We will work with you and your child’s physician to lead to dramatic improvement in your child’s schoolwork and behavior in and out of school. Even better, your child may not need  ADHD medications.

Let’s work together to help your child begin to turn things around early in the school year — positively and proactively.

How Regular Exercise Benefits Your Brain

It’s fairly well known that research studies are finding that regular exercise absolutely benefits the brain, especially as we age. What we are still trying to determine is precisely how exercise helps counter the cognitive decline that comes with aging.

To find out, researchers at the University of Wisconsin School of Medicine and Public Health have studied a unique group of middle-aged people at higher risk of developing Alzheimer’s — 1,500 people who are cognitively normal, but have genes that put them at higher risk of developing Alzheimer’s, or have one or two parents who have been diagnosed with the disease.

The research team is trying to relate which biological processes change with exercise. In one study, these at-risk ‘middle agers’ were divided in two groups, those not physically active and those that were. All had their brains scanned to track Alzheimer’s-related brain changes including differences in how neurons metabolized glucose, since people with Alzheimer’s disease tend to break down glucose more slowly. At the end of the study period, the group that exercised more showed higher levels of glucose metabolism and performed better on cognitive-function tests compared to those who did not.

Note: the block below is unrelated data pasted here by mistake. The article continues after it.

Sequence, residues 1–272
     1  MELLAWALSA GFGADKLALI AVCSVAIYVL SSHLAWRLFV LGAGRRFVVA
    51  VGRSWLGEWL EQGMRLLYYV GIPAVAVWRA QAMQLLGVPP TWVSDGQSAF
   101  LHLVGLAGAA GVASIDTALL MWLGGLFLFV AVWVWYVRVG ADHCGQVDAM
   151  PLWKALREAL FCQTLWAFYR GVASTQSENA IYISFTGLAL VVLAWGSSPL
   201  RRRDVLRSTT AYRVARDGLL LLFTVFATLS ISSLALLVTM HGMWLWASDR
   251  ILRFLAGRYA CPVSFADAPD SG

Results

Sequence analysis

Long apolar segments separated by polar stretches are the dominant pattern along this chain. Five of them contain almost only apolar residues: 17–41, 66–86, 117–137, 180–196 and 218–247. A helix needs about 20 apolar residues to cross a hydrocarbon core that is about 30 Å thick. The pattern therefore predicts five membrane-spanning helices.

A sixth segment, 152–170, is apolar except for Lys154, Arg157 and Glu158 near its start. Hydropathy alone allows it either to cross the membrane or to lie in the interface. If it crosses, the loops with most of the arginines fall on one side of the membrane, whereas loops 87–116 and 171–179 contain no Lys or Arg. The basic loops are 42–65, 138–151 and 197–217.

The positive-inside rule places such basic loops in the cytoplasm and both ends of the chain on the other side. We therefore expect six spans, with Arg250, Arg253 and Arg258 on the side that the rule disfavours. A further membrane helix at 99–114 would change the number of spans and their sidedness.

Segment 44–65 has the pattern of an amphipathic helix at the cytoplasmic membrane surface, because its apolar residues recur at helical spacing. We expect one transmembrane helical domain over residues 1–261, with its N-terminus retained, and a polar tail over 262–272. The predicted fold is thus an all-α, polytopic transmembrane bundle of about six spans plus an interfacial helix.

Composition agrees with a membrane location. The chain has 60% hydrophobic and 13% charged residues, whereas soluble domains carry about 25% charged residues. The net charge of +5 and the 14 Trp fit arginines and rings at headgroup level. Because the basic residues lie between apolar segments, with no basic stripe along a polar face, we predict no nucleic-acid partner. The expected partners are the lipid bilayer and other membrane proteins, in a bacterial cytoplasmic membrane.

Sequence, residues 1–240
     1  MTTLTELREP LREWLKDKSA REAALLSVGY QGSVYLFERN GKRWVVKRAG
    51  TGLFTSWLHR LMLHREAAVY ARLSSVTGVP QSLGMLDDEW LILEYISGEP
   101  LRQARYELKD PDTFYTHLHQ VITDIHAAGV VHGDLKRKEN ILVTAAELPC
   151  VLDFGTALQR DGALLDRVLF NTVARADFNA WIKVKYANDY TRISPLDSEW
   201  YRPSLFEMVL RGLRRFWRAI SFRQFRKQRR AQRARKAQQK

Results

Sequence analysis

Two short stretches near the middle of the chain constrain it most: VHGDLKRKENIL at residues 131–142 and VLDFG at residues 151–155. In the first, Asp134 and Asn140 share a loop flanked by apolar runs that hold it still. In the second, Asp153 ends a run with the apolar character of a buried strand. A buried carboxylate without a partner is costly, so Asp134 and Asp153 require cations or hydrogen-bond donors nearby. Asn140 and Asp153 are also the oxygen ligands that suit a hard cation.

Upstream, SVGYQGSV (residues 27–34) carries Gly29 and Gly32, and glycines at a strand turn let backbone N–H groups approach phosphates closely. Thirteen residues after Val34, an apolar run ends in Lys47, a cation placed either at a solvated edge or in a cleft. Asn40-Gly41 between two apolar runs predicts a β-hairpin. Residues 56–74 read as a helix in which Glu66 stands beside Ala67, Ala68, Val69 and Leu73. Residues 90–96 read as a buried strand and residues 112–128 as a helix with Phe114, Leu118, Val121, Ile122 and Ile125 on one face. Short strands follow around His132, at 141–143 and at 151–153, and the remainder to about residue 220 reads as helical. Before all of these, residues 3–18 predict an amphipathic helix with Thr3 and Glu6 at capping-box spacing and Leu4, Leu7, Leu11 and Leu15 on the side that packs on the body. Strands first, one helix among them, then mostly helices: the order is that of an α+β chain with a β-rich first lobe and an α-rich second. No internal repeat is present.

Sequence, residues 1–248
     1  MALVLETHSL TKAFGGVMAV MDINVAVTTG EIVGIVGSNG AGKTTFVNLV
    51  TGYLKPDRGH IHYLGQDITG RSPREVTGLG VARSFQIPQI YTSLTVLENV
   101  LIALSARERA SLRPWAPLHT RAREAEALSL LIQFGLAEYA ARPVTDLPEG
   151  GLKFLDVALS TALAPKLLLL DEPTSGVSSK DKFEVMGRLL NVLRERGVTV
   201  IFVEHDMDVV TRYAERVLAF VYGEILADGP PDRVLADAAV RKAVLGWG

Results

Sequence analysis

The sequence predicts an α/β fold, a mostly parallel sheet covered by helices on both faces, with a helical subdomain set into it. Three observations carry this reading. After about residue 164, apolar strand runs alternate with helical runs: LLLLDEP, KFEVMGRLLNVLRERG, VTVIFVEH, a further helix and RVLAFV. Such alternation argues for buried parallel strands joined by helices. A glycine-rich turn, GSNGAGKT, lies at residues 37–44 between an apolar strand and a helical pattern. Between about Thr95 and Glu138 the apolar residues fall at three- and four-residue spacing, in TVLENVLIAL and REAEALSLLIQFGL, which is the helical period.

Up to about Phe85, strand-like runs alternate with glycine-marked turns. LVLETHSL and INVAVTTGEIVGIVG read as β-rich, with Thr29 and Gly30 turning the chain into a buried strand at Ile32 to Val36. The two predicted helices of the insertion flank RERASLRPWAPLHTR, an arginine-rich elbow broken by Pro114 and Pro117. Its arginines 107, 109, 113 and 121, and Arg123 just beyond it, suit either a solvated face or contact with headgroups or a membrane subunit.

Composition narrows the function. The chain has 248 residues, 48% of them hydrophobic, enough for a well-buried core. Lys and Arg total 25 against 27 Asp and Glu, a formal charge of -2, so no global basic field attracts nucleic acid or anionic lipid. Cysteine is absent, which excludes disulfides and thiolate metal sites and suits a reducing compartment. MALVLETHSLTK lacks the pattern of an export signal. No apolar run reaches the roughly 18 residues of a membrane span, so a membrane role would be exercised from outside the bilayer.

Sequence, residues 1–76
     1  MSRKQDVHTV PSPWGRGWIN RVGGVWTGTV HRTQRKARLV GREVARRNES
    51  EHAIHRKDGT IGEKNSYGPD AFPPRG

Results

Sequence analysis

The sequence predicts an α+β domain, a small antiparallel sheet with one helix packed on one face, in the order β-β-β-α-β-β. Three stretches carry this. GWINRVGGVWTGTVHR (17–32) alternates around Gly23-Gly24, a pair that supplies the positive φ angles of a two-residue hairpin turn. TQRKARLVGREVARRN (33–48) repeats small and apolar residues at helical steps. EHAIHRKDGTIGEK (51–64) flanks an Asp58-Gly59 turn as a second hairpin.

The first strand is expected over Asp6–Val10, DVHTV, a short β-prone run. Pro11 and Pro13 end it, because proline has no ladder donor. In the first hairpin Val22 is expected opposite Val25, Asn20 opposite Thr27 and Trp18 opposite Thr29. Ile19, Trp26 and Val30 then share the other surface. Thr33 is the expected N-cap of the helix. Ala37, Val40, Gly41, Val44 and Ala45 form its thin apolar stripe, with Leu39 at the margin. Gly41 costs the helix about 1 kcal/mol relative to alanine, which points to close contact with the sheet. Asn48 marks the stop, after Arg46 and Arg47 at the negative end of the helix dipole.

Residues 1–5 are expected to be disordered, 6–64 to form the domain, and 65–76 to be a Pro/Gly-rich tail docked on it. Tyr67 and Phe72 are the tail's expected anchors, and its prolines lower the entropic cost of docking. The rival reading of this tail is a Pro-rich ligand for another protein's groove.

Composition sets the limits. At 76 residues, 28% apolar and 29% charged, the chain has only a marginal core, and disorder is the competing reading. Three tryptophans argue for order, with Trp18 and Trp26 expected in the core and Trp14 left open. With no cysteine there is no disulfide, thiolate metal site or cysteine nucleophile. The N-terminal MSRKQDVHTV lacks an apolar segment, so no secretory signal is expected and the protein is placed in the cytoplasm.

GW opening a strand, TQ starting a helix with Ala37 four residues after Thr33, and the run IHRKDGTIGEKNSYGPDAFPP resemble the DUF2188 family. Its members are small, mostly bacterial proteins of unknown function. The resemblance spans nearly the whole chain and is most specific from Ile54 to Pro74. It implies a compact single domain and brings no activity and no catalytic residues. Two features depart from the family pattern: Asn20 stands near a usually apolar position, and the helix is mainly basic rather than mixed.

In previous work, the Wisconsin researchers identified a series of Alzheimer’s-related biological changes that seemed to be affected by exercise by comparing people who were more physically active to those who were not. In this study, they showed that intervening with an exercise regimen could actually affect these processes.

Collectively, this body of research is determining how physical activity contributes to significant changes in the biological processes in the brain that drive Alzheimer’s, and may even reduce the effect of strong risk factors such as age and genes linked to higher risk of neurodegenerative disease.

So what does this study mean to you? Brain scans of people who reported exercising at moderate intensity for at least 150 minutes a week, showed that age-related changes to the brain were significantly reduced over those who sporadically exercised or did not at all. The benefits of exercise in controlling Alzheimer’s processes was even stronger among those with genetic predisposition for the disease.

What about those that exercise even more? Studies show that people with higher aerobic fitness levels showed low amounts of white matter hyperintensities, which are signs of neuron degeneration. These show up as brighter spots on MRI images, hence the name. White matter hyperintensities tend to increase in the brain with age, and are more common in people with dementia or cognitive impairment.

So, exercise matters. A lot. This is confirmed by the National Institutes of Health. Exercise for your body’s fitness and your brain’s. It all contributes to aging gracefully and keeping your cognitive abilities going strong. If you are interested in knowing more about your brain, call INDY Neurofeedback to schedule a brain mapping.